The annual number of media worker violent deaths rose from 15 in 2003 to 47 in 2007 (the peak year) dropping back to 5 in 2012. The majority worked for Iraqi media agencies with this proportion increasing over time. Data sources: Data were collected for the ten-year period 2003–2012, from five online databases: Committee to Protect Journalists (CPJ), Reporters without Borders (RSF-Reporters Sans Frontières), United Nations Educational, Scientific and Cultural Organisation (UNESCO), the International News Safety Institute (INSI) and the International Press Institute (IPI).

The media workers killed were more likely to be Iraqi (85%, n = 169/199) than foreign nationals (Table 2). Of those where the foreign nationality was known, most (57%, 8/14) were from OECD countries (Table 2).

Table 2:
Details collected on violent deaths of media workers in Iraq (2003–2012).
The main associations and risk factors for the violent deaths of media workers in Iraq are presented for the ten-year time period (2003–2012) and for the two five-year time periods (2003–2007 and 2008–2012).
Characteristic of the media worker
killed or event causing death
All 2003–2007 2008–2012
N % N % N %
Sex
Male 184 92.5 148 92.5 36 92.3
Female 15 7.5 12 7.5 3 7.7
Age (years)
Mean 36.5 37.0 34.8
Median 35.0 35.0 30.0
Range 18–75 22–67 18–75
Nationality
Iraqi 169 84.9 132 82.5 37 94.9
Non-Iraqi 30 15.1 28 17.5 2 5.1
Nationality of media worker if not Iraqi (where known)
OECDa 8 57.1 8 66.7 0 0
Otherb 6 42.9 4 33.3 2 100.0
Employer nationality (country details)
Iraq 124 62.3 92 57.5 32 82.1
OECDc 49 24.6 47 29.4 2 5.1
Middle Eastern Countryd 26 13.1 21 13.1 5 12.8
Specific media occupation
Media presentere 100 50.3 74 46.3 26 66.7
Camera operator 38 19.1 30 18.8 8 20.5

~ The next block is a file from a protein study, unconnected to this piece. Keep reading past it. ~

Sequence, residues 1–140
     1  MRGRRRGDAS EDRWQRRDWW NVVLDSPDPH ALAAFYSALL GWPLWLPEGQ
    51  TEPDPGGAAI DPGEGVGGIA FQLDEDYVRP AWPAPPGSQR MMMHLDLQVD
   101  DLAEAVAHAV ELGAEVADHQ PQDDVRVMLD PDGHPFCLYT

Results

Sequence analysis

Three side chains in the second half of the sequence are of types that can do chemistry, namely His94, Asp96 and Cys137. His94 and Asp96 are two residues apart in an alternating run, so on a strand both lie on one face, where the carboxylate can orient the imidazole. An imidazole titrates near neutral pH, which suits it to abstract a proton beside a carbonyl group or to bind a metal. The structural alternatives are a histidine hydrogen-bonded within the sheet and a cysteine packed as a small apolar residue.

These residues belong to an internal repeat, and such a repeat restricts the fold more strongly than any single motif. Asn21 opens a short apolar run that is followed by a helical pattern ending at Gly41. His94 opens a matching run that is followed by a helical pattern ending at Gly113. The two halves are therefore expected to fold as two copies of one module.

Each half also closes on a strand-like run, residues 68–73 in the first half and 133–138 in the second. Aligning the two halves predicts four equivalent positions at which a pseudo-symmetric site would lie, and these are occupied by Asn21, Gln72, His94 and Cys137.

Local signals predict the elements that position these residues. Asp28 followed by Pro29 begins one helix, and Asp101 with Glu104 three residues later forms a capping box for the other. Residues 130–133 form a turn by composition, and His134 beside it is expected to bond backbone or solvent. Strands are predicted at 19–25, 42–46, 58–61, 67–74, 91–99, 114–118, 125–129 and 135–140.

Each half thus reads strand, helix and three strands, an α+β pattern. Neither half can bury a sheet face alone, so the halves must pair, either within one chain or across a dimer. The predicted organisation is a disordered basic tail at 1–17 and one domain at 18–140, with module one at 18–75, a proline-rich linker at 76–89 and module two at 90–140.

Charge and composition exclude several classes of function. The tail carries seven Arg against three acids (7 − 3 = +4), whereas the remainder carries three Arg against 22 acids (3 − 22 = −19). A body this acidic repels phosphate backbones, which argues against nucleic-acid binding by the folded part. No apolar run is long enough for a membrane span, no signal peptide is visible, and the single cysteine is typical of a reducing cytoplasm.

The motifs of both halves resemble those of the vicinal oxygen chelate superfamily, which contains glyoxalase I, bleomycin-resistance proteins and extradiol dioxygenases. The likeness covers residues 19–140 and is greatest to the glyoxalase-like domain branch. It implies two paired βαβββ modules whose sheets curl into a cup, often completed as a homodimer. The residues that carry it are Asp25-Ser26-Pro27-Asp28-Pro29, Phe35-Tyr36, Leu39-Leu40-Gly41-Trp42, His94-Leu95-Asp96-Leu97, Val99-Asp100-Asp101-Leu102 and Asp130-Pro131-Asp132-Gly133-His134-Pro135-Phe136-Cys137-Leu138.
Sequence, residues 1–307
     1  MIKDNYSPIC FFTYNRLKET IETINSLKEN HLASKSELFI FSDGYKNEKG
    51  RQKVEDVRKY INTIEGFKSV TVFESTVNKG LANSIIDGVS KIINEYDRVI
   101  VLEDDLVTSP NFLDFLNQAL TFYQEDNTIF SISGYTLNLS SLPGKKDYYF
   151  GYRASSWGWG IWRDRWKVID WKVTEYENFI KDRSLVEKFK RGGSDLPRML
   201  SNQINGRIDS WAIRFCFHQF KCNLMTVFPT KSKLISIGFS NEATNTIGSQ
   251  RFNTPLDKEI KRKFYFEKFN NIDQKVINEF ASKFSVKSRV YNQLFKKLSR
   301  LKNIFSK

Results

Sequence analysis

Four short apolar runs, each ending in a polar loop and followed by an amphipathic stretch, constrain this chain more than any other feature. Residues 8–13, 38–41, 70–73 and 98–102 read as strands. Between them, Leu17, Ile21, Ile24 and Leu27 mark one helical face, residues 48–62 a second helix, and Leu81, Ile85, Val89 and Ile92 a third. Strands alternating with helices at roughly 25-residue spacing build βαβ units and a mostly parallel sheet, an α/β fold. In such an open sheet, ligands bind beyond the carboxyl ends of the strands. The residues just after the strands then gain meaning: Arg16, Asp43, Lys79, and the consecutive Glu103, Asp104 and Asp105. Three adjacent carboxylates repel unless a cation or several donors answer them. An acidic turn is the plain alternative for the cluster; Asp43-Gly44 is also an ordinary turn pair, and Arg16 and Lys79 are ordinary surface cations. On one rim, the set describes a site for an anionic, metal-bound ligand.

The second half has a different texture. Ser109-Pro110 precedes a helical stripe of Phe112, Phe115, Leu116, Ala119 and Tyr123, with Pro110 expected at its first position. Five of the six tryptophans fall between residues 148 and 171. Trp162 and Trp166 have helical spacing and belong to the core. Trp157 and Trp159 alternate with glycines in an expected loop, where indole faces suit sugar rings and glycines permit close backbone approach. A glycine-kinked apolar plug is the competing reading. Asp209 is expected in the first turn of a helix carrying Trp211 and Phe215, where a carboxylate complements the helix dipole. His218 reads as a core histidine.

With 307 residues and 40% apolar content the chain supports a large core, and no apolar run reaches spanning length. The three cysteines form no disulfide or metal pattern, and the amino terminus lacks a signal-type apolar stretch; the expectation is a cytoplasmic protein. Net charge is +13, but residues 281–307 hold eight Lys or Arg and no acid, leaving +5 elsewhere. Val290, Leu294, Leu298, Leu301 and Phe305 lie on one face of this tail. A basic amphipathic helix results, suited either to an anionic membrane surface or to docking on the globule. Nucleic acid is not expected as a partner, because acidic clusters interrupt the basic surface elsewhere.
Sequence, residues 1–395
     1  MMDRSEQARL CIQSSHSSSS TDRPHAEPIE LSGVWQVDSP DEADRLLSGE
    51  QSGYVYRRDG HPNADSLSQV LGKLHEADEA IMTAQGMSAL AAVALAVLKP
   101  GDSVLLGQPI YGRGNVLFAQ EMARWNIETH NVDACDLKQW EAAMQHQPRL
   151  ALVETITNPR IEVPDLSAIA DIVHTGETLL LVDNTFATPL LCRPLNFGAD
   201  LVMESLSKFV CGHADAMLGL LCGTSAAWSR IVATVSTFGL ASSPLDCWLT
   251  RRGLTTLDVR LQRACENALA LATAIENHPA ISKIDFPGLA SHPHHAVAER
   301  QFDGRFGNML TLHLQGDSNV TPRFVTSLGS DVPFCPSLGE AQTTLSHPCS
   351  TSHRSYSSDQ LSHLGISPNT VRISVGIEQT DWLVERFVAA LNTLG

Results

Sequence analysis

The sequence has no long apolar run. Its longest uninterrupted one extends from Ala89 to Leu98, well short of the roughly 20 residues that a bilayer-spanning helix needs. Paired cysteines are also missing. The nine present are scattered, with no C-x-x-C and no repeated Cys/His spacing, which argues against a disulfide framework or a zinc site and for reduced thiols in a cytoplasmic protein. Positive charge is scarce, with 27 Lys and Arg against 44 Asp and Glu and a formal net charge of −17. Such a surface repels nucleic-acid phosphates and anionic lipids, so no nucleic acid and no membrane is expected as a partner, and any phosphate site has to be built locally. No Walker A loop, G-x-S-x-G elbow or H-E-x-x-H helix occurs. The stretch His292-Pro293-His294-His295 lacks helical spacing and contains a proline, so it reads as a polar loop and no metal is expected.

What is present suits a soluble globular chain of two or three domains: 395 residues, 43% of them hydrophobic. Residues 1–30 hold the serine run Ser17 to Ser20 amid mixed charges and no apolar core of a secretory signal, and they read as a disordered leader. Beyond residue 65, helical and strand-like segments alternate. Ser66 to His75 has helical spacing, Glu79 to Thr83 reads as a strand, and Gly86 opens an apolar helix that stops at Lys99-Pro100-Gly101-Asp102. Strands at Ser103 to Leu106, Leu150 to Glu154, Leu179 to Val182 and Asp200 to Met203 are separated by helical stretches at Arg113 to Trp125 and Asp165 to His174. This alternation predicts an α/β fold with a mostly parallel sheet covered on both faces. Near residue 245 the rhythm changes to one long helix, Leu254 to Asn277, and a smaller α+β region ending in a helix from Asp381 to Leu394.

Editor/Deputy editor 28 14.1 24 15.0 4 10.3
Producer 8 4.0 8 5.0 0 0
Photographer 7 3.5 7 4.4 0 0
Director/Head 5 2.5 4 2.5 1 2.6
Interpreter/Translator 6 3.0 6 3.8 0 0
Sound operator 5 2.5 5 3.1 0 0
Otherf 2 1.0 2 1.3 0 0
Medium worked in
Television 103 51.8 78 48.7 25 64.7
Print media 82 41.2 72 44.9 10 25.6
Radio 7 3.5 6 3.8 1 2.6
Online news agency 7 3.5 4 2.5 3 7.7
Means of death
Gunfire 135 67.8 111 69.4 24 61.5
Bomb (suicide)g 15 7.5 11 6.9 4 10.3
Bomb (non-suicide, excluding vehicle bombs) 12 6.0 10 6.3 2 5.1
Grenade, missile or landmine 9 4.5 9 5.6 0 0
Vehicle bomb 9 4.5 1 0.6 8 20.5
Airstrike 6 3.0 6 3.8 0 0
Otherh 13 6.5 12 7.5 1 2.6
Location of the death
On assignment in the field 77 38.7 63 39.4 14 35.9
Travelling (other than on assignment) 47 23.6 38 23.8 9 23.1
Home 23 11.6 16 10.0 7 17.9
Unknown 21 10.6 17 10.6 4 10.3
Office 10 5.0 10 6.3 0 0
Shop or market 7 3.5 4 2.5 3 7.7
Drive by shooting 4 2.0 4 2.5 0 0
Otheri 10 5.0 8 5.0 2 5.1
Threats (preceding the violent death and to family or employers following it)
None 100 50.3 94 58.8 6 15.4
Unknown 43 21.6 18 11.3 25 64.1
Self/family 34 17.1 26 16.3 8 20. 5
Employer 14 7.0 14 8. 8 0 0
Both (self/family and employer) 8 4.0 8 5. 0 0 0
Taken captive
Unknown 110 55.3 84 52.5 26 66.7
No 64 32.2 56 35.0 8 20.5
Yes 25 12.6 20 12.5 5 12.8
Tortured
Unknown 111 55.8 85 53.1 26 66.7
No 79 39.7 67 41.9 12 30.8
Yes 9 4.5 8 5.0 1 2.6
Perpetrators of the violence
Political group 89 44.7 75 46.9 14 35.9
Unknown 58 29.1 43 26.9 15 38.5
Coalition forces 18 9.0 17 10.6 1 2.6
Militia 15 7.5 13 8.1 2 5.1
Suicide attacker 15 7.5 11 6.9 4 10.3
Otherj 4 2.0 1 0.6 3 7.7
DOI: 10.7717/peerj.390/table-2

Notes:

Data source: Data on the characteristics of the media worker killed or event causing death were collected for the ten-year period 2003–2012, from five online databases: Committee to Protect Journalists (CPJ), Reporters without Borders (RSF-Reporters Sans Frontières), United Nations Educational, Scientific and Cultural Organisation (UNESCO), the International News Safety Institute (INSI) and the International Press Institute (IPI).

OECD, Organisation for Economic Co-operation and Development. United Kingdom (n = 2), Japan (n = 2), United States of America (n = 1), Germany (n = 1), Italy (n = 1), Poland (n = 1).
Iran (n = 3), Palestine (n = 1), Russia (n = 1), Algeria (n = 1).
OECD, Organisation for Economic Co-operation and Development. United States of America (n = 19), United Kingdom (n = 17), Japan (n = 3), Germany (n = 3), Spain (n = 2), Poland (n = 2), Australia (n = 1), Czech Republic (n = 1), Italy (n = 1),
Saudi Arabia (n = 5), Qatar (n = 4), Egypt (n = 3), Iran (n = 3), Lebanon (n = 3), United Arab Emirates (n = 3), Kuwait (n = 2), Palestine (n = 2), Dubai (n = 1).
Reporter, correspondent, broadcaster or news presenter.
Academic (n = 1), owner (n = 1)
One suicide bomb was also a vehicle bomb (but categorised here as suicide bomb).
Throat slit (n = 3), beheading (n = 1), assault (n = 1), torched (n = 1), unknown (n = 7).
Military base (n = 2), mosque (n = 2), university (n = 2), hotel (n = 1), internet café (n = 1), outside relative’s house (n = 1), walking in the centre of town (n = 1).